At the centre of my recent psychological suspense novel Façade sits a Georgian house – The Old Rectory. Once grand, the house is now decaying from lack of maintenance and love, and crumbling like the family who own it and are mired in guilt, grief, bitterness and desire for retribution.
Before Façade was published I spent days cycling around my area taking photos of Georgian properties and old rectories to illustrate blogs and stand as a proxy for The Old Rectory in my book. Living in a Georgian house is like living the dream, isn’t it? All those columns and mouldings; shutters and sash windows, but the price of external beauty is an endless battle to stop the damp, rot and disrepair.
Confession time – like the family in my novel, I live in a two hundred year old Georgian house. My house isn’t grand like The Old Rectory and we were lucky to find it long ago when house prices were in a slump. Our house was dilapidated and our finances already stretched to the limit as I was the main breadwinner while my husband looked after the kids, renovated the house and fitted a small business around their needs. Bringing the house back to life took years. First we dealt with the damp, the rust, the leaking roof, dodgy electrics, bowed exterior wall and the well that flooded the cellar every time it rained.
Until the mid-twentieth century, part of our property had been a shop. Later that was badly converted into a granny annexe. Upstairs the only way to cross the landing was through the family bathroom. We remodelled the old shop into living accommodation, removing the second staircase to the annoyance of our kids because it stopped them racing up one staircase, through the bathroom and down the other stairs.
Heating this ancient house with its rattling sash windows, perma-damp cellar and loft that can’t be insulated costs as much as running a small factory. It’s on a busy main road where lorries rumble past all day long. But I love this house and hardly notice its defects.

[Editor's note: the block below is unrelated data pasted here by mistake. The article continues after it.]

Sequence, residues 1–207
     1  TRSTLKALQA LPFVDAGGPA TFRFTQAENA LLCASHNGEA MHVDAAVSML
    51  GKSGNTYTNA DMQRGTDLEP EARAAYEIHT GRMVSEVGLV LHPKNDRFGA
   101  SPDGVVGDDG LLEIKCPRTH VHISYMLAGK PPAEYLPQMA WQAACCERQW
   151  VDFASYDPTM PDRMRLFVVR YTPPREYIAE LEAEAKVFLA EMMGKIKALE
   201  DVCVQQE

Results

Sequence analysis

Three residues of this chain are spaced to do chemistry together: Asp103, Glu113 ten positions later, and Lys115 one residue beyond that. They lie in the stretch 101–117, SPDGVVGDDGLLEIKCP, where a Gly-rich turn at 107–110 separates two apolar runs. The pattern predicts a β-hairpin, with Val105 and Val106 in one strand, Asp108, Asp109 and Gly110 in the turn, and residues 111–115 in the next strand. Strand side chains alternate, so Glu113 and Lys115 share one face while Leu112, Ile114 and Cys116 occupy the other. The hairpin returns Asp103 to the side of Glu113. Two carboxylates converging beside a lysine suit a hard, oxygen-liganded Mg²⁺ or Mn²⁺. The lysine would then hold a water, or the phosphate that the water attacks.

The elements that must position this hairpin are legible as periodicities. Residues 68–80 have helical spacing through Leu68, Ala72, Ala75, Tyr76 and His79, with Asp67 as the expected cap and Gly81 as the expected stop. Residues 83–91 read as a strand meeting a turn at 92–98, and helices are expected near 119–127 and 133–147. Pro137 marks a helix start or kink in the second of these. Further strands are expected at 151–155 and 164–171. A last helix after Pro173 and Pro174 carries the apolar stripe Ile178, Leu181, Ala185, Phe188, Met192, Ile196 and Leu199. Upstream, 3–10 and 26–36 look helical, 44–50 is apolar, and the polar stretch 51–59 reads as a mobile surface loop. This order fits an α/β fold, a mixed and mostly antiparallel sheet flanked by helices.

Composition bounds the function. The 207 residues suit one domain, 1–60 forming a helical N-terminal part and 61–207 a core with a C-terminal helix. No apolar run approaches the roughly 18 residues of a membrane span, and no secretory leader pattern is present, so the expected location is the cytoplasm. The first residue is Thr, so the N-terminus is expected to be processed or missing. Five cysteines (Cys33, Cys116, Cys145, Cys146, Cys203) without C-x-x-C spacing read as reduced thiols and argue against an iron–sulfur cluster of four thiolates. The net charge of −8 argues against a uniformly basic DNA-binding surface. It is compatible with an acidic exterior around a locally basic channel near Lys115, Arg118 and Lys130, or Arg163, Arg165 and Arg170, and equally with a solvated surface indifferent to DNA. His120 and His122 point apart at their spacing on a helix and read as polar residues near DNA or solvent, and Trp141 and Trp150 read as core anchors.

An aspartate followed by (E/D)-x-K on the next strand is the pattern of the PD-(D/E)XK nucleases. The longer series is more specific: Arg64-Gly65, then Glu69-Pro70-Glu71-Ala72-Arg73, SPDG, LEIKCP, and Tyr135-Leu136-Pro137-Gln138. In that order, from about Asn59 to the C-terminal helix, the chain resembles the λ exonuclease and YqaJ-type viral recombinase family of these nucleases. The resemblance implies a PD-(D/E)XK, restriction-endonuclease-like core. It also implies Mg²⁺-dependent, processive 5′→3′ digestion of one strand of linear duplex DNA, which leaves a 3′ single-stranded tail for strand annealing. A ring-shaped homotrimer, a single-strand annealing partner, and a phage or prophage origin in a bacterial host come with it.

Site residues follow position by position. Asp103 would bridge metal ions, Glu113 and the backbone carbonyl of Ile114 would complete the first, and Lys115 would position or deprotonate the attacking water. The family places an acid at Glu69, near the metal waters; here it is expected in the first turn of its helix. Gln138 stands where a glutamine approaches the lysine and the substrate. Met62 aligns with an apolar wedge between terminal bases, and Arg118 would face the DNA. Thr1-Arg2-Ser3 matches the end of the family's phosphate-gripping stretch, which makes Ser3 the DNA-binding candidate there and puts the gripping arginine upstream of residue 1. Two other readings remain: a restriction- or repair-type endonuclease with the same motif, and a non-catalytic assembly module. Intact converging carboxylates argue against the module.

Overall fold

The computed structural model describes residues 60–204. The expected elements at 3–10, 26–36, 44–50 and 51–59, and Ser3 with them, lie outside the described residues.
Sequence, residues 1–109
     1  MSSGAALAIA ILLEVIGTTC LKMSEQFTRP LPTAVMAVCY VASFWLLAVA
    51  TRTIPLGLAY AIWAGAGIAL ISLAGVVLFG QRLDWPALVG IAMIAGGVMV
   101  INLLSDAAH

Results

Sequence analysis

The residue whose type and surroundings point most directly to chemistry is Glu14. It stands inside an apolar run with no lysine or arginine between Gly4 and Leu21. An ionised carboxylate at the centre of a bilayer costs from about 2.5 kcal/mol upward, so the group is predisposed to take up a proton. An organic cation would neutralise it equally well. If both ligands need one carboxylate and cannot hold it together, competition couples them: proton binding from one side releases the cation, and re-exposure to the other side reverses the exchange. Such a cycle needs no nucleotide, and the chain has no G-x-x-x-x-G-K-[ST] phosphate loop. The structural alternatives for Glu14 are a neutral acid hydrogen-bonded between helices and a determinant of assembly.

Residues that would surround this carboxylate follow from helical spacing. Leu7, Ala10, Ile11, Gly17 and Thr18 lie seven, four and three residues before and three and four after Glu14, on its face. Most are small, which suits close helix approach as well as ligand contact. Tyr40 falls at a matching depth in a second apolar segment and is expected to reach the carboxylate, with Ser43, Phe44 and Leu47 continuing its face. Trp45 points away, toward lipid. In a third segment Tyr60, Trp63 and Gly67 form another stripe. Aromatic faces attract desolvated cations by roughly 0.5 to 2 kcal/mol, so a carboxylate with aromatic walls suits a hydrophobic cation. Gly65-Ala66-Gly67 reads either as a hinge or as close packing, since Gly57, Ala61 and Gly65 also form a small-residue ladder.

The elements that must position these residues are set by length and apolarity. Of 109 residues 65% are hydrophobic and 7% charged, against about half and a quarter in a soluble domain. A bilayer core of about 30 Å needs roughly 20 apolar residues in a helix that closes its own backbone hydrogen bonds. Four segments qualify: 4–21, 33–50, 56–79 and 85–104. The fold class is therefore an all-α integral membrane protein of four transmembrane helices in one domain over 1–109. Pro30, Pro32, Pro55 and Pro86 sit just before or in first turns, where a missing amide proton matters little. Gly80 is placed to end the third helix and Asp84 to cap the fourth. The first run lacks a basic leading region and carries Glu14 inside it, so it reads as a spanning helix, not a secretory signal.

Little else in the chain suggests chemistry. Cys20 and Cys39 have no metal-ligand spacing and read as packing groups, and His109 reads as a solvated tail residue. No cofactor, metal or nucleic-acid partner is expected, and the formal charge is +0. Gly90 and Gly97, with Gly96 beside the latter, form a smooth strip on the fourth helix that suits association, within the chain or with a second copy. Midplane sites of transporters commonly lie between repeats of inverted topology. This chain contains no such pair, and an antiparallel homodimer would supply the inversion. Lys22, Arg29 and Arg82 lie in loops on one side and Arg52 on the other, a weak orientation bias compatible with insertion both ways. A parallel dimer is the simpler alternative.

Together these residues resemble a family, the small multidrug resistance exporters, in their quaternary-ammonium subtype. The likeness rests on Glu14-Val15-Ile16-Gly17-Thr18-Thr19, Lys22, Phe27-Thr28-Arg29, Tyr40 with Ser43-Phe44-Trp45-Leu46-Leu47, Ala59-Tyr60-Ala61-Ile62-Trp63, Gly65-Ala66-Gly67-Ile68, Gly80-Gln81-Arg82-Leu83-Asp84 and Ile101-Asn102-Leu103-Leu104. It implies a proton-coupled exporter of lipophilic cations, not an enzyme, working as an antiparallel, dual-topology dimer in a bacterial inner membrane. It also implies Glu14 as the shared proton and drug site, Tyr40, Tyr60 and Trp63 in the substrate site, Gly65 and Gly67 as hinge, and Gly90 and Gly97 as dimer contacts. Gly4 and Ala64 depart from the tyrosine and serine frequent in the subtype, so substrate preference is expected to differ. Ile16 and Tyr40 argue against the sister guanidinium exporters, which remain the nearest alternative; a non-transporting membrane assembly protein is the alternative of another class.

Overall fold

Until this weekend.
I was booked to give a Zoom author talk on Friday evening to a women’s group in Croydon so was entirely dependent on a functioning internet connection and that basic of modern life – electricity. The house had other ideas. About two hours before my event, the electrics began cutting out. Normally a quick visit to the control box in the garage to reset everything fixes it. This time it was only staying on for seven or eight minutes at a time before blowing again. We circumnavigated the house disconnecting appliance after appliance to find the guilty one. I was about to open negotiations with our neighbour about running a cable from his house and hitching up to his internet connection when, just in time, we tracked down the cause. The pump in one of the old wells had malfunctioned and it was this that was blowing the power.
Disconnecting the pump is a simple job but the consequences of it not running can be serious. Why would you have a well (actually we have two) and what’s the pump all about anyway? So back in the early 1800s when the house was built the wells would have provided the water supply. Sadly both wells are now useless because over the years the building and continual resurfacing of the nearby main road has led to the surrounding land rising. This has breached the water table so our wells are now contaminated and the water no longer drinkable. Every time it rains the water builds up in the wells and threatens to flood the cellar unless we keep the pumps and back-up pumps running 24/7. We even have a small generator to use in the event of a power cut. As you can see from the photos, these wells and the gubbins of pumps and the cables and power supply that keep them running are anything but attractive.
And so back to my novel Façade where a grander Georgian House, The Old Rectory wheedled its way into my imagination and demanded to sit at the centre of the story. If you enjoy reading about old houses and the family noir hidden behind ancient walls, why not grab a copy for your bank holiday read?